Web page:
Home-field advantage is massive in the NFL, especially when the playoff hunt heats up in late November.

Seattle, New Orleans, Kansas City and Denver all are known for their raucous crowds that make life hell on opposing teams. But there's a possibility the 49ers and Raiders won't have to face such daunting road games during the 2020 season.

The coronavirus (COVID-19) pandemic has paused the sports world. While the NFL is planning on having a 2020 season, the league reportedly is looking at all contingency plans which include playing games with half-filled stadiums or no fans at all, Mark Maske and Dave Sheinin reported Wednesday, citing league sources.

Imagine, George Kittle and Jimmy Garoppolo walking into CenturyLink Field, home of the Seahawks, and you can hear a pin drop. Or Derek Carr getting his first win at Arrowhead Stadium in Kansas City with no one there to see.

The NFL doesn't know exactly how things will pan out. No one does. The sports leagues are looking for a way to play, and have to be open to everything.

"I don’t know if it’ll be a one-third-filled stadium, a half-filled stadium or whatever,” an anonymous source with knowledge of the league's planning told The Washington Post. “The NFL is planning for everything from playing without fans to playing in full stadiums. We know there will be a push from the [federal] government to open things up.”

 

This report comes on the heels of Dr. Anthony Fauci, the director of the National Institute for Allergy and Infectious Diseases and a key member of the White House's coronavirus task force, saying sports could re-open but with heavy restrictions.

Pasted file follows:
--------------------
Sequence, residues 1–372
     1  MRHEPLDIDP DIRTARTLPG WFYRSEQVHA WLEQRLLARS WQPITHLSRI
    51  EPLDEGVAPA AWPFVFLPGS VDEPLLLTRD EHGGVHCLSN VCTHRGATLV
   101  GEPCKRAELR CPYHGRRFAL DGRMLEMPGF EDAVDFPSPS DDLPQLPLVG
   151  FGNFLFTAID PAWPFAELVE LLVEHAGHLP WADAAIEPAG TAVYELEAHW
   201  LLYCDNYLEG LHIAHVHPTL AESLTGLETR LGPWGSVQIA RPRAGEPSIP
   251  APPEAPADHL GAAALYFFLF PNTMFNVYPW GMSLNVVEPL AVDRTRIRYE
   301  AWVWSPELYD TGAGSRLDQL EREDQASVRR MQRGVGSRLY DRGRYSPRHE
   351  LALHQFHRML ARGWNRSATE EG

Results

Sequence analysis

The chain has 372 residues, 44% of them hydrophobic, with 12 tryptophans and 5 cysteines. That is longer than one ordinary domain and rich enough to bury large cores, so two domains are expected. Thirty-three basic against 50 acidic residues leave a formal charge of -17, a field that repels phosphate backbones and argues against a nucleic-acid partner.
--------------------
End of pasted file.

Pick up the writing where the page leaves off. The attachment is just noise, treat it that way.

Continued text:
“There’s a way of doing that,” Fauci told Snapchat. “Nobody comes to the stadium. Put [players and other personnel] in big hotels, wherever you want to play, keep them very well surveilled [and] have them tested like every week, and make sure they don’t wind up infecting each other or their family, and just let them play the season out. … If you could get on television, Major League Baseball, to start July 4 [even if] nobody comes to the stadium --  you just, you do it.”

The NFL has forged ahead despite the pandemic. Free agency went off as planned and the 2020 NFL Draft starts April 23, although it will be held virtually with commissioner Roger Goodell announcing the picks from his basement. The NFL had stated it planned to have the season begin on time and with fans in the stands.

That, however, isn't the league's or even federal government's call. It will be up to public health experts to determine when mass gatherings can resume.

Dr. Jeffrey Smith, a chief executive for Santa Clara County, told ESPN that the NFL starting on time would take a "minor miracle."

"It puts the entire country at risk," Smith said. "The fundamental thing is sports is not a local event. If you have people traveling from all over and you have no way of knowing whether they're infected or not -- I mean, 50,000 of them in a stadium is not a good idea."

Smith recently said he didn't expect sporting events to return before Thanksgiving, and California governor Gavin Newsom said Tuesday it's "unlikely" sports return with fans in attendance this summer.

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The NFL will do whatever it can to have a season, but it's looking more and more like fans won't be in attendance.

Playing in normally hostile arenas without fans could benefit the 49ers in their quest to win a second NFC West crown or the Raiders as they try to make it back to the playoffs for just the second time since 2002. The idea has been called "refreshing" by Minnesota Vikings quarterback Kirk Cousins, and Kittle has said he wouldn't mind going into Seattle or New Orleans without fans.

Everyone wants sports back, but they only can return when it is safe and doctors, scientists and public health officials give the OK. Whatever guidelines they deem necessary should be followed and we'll all celebrate the return of sports in whatever manner they come.